"Also, they have been asked to make efforts to produce hard, bouncy tracks. It encourages stroke-play and encourages catches going to the slip region. Over a period of time with the wear and tear, the spinners must get turn and bounce. These are general guidelines but the application is taking some time because obviously people have to be trained and made aware of how it has to be done.
"I think Indian people work harder than anybody in the ground. In the other countries there is too much emphasis on technology, but in India we have a good mix of technology and committed manpower," he said.
Singh, a former Ranji Trophy player and coach for Punjab, said the BCCI is very serious about the issue of improving the quality of pitches and that has come as a big boost.
"Overall, the standard of wickets and grounds is improving and it is mainly because the BCCI is giving a lot of emphasis. Recently, they invited a global tender and the state of the art machinery has been provided to all the 27 associations in India and that includes the remotest associations, whether it is Jammu and Kashmir, Kerala, Gujarat or Assam. They have got the latest equipments from the best manufacturers in the world," he said.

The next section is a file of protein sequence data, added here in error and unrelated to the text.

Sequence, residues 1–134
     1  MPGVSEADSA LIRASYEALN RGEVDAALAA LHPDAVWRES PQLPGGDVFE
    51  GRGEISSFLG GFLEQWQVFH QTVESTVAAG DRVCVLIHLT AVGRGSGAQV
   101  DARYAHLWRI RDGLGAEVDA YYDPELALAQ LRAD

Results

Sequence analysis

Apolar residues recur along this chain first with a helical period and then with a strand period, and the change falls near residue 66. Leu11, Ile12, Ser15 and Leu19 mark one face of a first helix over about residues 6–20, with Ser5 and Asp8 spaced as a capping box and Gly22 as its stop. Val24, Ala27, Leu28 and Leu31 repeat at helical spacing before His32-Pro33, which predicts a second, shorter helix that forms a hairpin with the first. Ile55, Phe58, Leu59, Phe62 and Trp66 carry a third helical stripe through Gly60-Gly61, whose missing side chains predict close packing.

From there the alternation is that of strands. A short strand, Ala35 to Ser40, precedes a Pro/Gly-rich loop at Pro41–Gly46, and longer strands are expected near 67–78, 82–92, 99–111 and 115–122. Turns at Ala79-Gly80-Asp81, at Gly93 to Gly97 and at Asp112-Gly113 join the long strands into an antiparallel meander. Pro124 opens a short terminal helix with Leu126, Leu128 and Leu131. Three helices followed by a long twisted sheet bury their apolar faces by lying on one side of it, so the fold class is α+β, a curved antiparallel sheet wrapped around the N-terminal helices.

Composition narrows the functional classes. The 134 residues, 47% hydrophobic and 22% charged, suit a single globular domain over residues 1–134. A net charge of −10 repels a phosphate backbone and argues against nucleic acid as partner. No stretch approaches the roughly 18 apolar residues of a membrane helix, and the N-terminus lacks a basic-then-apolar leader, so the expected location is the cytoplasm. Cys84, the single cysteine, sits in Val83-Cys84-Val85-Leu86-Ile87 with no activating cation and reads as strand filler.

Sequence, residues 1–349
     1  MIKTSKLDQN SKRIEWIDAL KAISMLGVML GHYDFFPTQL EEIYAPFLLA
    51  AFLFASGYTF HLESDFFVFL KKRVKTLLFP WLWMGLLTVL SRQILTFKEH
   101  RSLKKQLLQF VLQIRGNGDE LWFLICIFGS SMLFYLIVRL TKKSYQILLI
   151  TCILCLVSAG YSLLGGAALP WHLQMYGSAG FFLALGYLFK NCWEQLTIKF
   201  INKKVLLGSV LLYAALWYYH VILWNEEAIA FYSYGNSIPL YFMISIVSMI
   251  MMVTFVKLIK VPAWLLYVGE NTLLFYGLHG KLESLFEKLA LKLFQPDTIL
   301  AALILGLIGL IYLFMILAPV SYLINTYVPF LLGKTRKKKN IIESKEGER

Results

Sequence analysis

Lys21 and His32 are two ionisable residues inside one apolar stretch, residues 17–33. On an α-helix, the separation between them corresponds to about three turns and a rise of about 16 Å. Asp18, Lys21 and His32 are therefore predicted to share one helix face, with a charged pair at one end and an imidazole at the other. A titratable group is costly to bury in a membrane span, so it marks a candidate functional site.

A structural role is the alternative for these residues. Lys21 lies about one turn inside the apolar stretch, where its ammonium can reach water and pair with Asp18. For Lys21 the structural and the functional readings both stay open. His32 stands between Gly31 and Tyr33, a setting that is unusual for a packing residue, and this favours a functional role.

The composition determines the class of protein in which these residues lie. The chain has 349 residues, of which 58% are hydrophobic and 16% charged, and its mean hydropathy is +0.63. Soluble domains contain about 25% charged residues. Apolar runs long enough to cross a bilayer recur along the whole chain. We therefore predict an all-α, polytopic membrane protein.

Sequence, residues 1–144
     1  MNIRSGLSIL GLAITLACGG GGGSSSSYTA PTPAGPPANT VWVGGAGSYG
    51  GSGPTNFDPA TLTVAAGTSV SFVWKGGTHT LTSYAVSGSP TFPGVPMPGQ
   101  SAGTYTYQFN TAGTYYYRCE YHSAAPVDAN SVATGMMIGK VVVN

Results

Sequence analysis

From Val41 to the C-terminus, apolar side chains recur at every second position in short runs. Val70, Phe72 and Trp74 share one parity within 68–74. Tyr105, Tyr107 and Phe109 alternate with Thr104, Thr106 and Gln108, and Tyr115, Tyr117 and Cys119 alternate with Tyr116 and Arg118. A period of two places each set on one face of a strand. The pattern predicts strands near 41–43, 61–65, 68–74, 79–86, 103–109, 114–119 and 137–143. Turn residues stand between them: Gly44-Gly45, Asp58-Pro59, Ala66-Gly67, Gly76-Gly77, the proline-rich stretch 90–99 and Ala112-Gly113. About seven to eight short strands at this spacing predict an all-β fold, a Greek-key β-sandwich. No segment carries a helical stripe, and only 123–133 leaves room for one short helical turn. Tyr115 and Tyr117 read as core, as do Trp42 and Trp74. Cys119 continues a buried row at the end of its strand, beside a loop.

Daljit says Chennai has the best Test wicket in India and credits the ground staff for their stupendous effort in preparing result-oriented pitches.
"I think Chennai is the best Test wicket in India. The wickets there are good and it always gives a result. If you see the weather in Chennai, it is hot, hotter and hottest and there is no other season there. So over five days, the pitch will degenerate and wear out. But if you see in the North, you have good wickets, but if you have Test match there in November, December or October it is very difficult for the wicket to wear out like in warmer places. I think the Chennai ground staff is very good in preparing wickets."
"I think the Baroda wicket is also good. Similarly, Wankhede, Mohali and Nagpur are very good wickets. Eden Gardens with whatever they have, they seem to produce good wickets. The Ferozshah Kotla wicket is also being done and I think in a year or so you will see a good wicket there," he added.
Daljit said with the amount of cricket being played in India, the curators don't have enough time to work on the pitches.
"What is happening is that the grounds are not getting any breaks. You need a break to test wickets, prepare the ground, but you are not getting it," he said.
The pitch committee, said Daljit, is carrying out numerous improvement programmes, like training curators, testing soil for pitches and grass for outfield.